Few people recall, and the history books still do not record, the oppressiveness of the practice, and especially the education, of architecture in the 1960s and 1970s. Nothing was permitted in schools or reported in the journals that was not “orthodox modern,” and no forms from any other century were allowed. Gropius-Mies-Corbu were the Holy Trinity. There were no “alternative modernisms” (art deco, reductive classicism, and so on) of the type that historians now include in the narrative of the architecture of the twentieth century. Even Louis Kahn's luminous monumentality, redolent of Rome and heroic striving, was often suspect.
The salient assertion of modernism was that the present is so different that the forms of the past are irrelevant. Modernism is well named, since the Latin word modernus means simply “just recent” (from modo, “just now”). From Adolf Loos and Le Corbusier onward this committed designers to a formal vocabulary and problem-solving method that was primarily autarkic and purist: new forms were to be reasoned abstract forms detached from history.
Robert Venturi's “gentle manifesto” Complexity and Contradiction came out at a critical period in architectural history, when “a false complexity [had] recently countered the false simplicity of an earlier Modern architecture” (25).1 Venturi refers to what we now know—pace Charles Jencks—as late modern architecture as histrionic arbitrary forms, and which he and Scott Brown would later categorize as “ducks.”2 More significantly, the book arrived at a time when a younger generation was just beginning to feel that modernism had debased the language of architecture with its idealization of the “primitive and the elementary,” to the point that its ability to speak to the human spirit was stifled, and that “single-function” rational design was producing a string of unpredicted technical and cultural disasters. At Harrison & Abramovitz's U.N. Secretariat, the windows leaked because wind blew the rain upward on the curtain wall. So many windowpanes blew out of I. M. Pei's Hancock Tower that it became known as the plywood skyscraper. And in his introduction to Complexity and Contradiction, Vincent Scully notes “that cataclysmic purism in contemporary urban renewal which has brought so many cities to the brink of catastrophe” (13), most famously in Minoru Yamasaki's Corbusian Pruitt-Igoe housing project in St. Louis, which was to be dynamited in 1972.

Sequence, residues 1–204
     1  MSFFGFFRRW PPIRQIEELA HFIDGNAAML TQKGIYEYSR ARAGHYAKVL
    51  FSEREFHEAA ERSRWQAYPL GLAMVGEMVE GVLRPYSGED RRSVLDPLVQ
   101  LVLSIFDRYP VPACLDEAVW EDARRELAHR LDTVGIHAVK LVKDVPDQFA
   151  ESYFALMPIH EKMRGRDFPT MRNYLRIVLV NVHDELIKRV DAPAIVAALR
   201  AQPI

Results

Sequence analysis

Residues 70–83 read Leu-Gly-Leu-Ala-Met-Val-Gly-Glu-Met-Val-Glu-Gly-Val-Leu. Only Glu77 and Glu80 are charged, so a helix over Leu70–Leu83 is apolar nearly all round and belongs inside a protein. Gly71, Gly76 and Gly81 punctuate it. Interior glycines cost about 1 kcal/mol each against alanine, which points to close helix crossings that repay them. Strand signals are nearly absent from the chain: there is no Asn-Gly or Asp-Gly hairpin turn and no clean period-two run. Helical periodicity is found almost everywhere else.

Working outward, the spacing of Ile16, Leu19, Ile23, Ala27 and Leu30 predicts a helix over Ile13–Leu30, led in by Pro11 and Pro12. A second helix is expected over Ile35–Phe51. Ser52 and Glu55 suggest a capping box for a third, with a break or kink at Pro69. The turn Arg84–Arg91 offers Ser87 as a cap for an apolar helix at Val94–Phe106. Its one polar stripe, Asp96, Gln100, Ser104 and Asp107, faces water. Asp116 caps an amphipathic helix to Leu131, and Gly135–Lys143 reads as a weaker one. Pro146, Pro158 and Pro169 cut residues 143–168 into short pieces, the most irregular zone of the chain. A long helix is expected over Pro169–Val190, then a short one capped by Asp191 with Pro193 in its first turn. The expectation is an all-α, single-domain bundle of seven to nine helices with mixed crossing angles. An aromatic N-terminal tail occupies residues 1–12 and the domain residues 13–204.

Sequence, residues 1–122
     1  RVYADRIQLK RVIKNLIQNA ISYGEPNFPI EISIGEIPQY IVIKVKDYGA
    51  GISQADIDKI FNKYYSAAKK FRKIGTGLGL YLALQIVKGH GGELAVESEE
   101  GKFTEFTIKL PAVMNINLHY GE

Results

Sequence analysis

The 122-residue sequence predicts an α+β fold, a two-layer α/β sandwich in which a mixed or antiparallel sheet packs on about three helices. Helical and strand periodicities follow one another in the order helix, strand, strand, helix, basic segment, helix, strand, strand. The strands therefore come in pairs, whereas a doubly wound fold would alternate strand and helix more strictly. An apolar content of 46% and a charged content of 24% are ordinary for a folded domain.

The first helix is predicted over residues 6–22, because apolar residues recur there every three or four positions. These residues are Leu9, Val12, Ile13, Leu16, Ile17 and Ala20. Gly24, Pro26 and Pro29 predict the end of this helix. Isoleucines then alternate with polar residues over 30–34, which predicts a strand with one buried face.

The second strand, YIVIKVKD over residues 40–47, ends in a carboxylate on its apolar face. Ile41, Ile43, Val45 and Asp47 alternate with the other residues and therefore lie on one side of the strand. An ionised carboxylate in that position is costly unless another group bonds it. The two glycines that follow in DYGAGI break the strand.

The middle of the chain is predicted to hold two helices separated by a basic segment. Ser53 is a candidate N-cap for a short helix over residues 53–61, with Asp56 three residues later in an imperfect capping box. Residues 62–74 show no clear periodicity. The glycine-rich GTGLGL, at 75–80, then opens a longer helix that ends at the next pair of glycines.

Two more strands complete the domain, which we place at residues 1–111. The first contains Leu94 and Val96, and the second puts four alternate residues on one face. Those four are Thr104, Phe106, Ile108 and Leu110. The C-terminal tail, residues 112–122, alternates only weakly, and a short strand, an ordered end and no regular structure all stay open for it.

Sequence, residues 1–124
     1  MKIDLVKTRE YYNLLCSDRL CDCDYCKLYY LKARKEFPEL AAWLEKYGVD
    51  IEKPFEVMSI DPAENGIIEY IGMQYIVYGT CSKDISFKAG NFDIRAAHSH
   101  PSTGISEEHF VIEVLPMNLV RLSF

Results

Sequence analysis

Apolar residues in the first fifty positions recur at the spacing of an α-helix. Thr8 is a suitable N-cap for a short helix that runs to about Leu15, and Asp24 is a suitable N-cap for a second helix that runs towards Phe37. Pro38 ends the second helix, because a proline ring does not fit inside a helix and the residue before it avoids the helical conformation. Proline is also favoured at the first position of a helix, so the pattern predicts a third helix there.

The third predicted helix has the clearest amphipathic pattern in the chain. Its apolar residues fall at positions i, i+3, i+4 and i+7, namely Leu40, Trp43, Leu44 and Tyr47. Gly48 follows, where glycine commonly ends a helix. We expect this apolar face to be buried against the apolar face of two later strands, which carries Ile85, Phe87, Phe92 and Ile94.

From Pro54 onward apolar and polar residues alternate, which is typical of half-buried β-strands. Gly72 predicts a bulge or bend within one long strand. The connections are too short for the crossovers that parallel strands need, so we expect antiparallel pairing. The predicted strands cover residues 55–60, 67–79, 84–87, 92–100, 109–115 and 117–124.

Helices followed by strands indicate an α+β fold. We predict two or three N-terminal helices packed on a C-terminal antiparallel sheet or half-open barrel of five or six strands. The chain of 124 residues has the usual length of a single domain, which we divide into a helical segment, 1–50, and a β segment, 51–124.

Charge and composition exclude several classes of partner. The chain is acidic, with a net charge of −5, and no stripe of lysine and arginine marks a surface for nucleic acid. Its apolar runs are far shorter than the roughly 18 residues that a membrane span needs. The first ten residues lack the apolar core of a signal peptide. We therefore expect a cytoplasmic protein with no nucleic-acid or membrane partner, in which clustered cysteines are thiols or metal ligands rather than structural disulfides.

Although his book is a “gentle manifesto,” there is an almost ruthless logic in Venturi's citing Vitruvius's commodity, firmness, and delight (utilitas, firmitas, venustas) as proof that good architecture is innately complex and never completely resolved or pure.3 If architecture is to be vital and simply useful, it must be inclusive, and if inclusive, complex. Anyone who has tried design knows that it is a struggle to resolve conflicting demands, and the result is at best a vital compromise that achieves unity by prioritizing some demands over others. Venturi quotes Paul Rudolph, “All problems can never be solved” (24), although Rudolph made this statement in support of Mies's highly selective purism.4
Judging anything as complicated as how a building works requires the empirical examination of actual buildings, and that means engaging with the past, but engaging critically, “precedent thoughtfully considered” (18). That remark has a strong similarity to Vitruvius's own attitude toward precedence and innovation. A quick reading of Vitruvius gives the impression of an emphasis on conservatism, on the maintenance of mos maiorum (ways of our ancestors—literally, our “greaters”) and suspicion of foreign influences and of innovation (don't trust the new opus reticulatum) (2.8.1). But a close reading reveals that Vitruvius throughout the Ten Books exercises a critical appraisal of his “maiores,” for good or ill. He praises those who passed on knowledge of successful practices by writing useful treatises (7.praef.1), but he advises against the practice of others who built heavy stucco cornices (7.3.3). Throughout the Ten Books Vitruvius is constantly interested in recent innovations: new types of surveying instruments, more spacious temple interiors, new types of foundations. For Vitruvius that critical empiricism was an essential component of innovation; by employing a modernist suspicion of tradition, most writers in the twentieth century missed it.